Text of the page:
THE DEVELOPMENT manager for referees in Herefordshire has said that a 30 per cent fall in numbers has been caused by behaviour towards them.

Ollie Williams, HFA Referee Development Manager, believes that the continued abuse of officials is the main cause of a reduction this year.


“Herefordshire has never had a large number of referees so to lose around 30% is an enormous hit," said Williams.

“We’ve had feedback ranging from moving away to university, to not wanting to come back after being away for so long with the pandemic.

“However, the main feedback we get is based on behaviour towards referees.

"Many referees have said to me ‘why would I bother?’ – they have simply had enough of being shouted at and criticised just because they are wearing a black kit.”

There have been several initiatives, including dissent sin-bins which have proven a welcome addition, alongside purple shirts for junior referees.

Williams would welcome stronger sanctions with referee-based discipline to keep as many involved as possible.

“When problems are reported, there are processes in place to ensure that sanctions are issued," added Williams.

"I would fully support stronger sanctions from The FA nationally for offenders as a lot of my working week is unfortunately spent talking to referees who have been on the end of unacceptable abuse and are thinking about quitting.”

Several powers that be in Herefordshire, including a now Football League level referee, have come together to remind the general public of the benefits of becoming a referee.

Neale Tookey, referees’ appointment secretary, said that he believes the pandemic is an instigator for a decline in referees.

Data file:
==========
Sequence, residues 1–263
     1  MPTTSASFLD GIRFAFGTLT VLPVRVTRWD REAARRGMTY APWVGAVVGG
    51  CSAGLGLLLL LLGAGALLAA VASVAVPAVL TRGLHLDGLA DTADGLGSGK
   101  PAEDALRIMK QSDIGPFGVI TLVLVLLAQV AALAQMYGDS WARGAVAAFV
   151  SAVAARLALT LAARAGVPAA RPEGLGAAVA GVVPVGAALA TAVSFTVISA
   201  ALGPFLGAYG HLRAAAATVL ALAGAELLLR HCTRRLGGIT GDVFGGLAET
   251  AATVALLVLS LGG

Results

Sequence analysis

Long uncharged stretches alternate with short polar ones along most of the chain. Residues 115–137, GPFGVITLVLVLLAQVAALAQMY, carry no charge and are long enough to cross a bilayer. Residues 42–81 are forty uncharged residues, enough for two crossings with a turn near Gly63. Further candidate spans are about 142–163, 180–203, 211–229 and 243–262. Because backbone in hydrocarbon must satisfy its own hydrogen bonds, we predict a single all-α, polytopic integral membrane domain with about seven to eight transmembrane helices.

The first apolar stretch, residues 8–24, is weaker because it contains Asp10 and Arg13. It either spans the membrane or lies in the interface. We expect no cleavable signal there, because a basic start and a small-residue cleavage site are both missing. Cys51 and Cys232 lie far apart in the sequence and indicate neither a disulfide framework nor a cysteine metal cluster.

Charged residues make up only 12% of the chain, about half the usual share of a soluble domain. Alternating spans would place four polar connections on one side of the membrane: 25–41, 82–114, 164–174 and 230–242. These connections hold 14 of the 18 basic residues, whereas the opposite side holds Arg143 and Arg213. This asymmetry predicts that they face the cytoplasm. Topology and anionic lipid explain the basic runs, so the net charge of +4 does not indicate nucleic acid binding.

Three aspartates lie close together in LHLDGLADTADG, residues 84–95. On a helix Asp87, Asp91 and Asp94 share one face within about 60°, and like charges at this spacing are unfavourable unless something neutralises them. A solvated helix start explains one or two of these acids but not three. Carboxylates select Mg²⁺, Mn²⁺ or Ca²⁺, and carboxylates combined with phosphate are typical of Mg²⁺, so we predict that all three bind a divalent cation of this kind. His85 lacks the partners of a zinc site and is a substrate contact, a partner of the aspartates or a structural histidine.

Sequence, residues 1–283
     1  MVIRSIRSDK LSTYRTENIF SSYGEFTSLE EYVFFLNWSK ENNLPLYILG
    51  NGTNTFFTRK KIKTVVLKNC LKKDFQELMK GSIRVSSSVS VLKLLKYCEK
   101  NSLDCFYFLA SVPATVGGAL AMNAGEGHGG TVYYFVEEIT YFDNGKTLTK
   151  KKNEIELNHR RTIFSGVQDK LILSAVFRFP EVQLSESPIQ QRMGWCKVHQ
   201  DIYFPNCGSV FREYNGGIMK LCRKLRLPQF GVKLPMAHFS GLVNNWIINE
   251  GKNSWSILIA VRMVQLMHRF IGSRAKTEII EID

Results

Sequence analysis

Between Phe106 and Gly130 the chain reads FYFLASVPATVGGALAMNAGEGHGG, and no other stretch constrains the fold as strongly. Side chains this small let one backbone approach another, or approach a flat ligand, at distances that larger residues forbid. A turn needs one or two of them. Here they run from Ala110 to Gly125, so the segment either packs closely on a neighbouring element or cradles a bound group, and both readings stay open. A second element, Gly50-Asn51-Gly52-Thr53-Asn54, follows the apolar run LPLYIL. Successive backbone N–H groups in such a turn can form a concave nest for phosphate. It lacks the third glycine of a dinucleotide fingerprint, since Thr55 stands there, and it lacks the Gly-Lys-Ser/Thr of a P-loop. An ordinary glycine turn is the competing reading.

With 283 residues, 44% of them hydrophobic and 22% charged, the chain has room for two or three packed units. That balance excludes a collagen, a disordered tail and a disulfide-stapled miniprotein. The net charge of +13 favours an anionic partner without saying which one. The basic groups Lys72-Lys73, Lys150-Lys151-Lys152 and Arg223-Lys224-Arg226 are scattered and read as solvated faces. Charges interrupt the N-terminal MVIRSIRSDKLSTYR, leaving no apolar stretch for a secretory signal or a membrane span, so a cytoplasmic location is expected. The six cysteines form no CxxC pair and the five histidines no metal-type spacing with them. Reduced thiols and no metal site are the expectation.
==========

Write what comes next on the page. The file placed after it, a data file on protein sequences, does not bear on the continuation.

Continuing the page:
“This year, we decreased from 32 to 21 referees across Herefordshire," added Tookey

“This is down to a number of reasons. We had several depart for university, and some called it quits after the pandemic having found new hobbies.

“There are so many benefits to refereeing despite the culture that still remains.

“I really hope that next year, after more courses are completed, we can see a new influx.”

It is also easy to forget that it is a viable career path. Kevin Morris has gone from a trainee referee at grassroots levels to running the line in the English Football League.

“I qualified at 14 and am now in my 30th season as the senior referee in Herefordshire," Morris added.

“There is still a lot to do in grassroots to ensure younger referees are nurtured, respected and not demotivated. It is a really enjoyable hobby which can turn into a job.

“I’ve officiated at all three levels in the EFL, the FA Cup, and Carabao Cup.”

The HFA have a referee’s course now available to attend from October 13 to 16.

Anybody interested can find out more by emailing: or calling 01432 342179.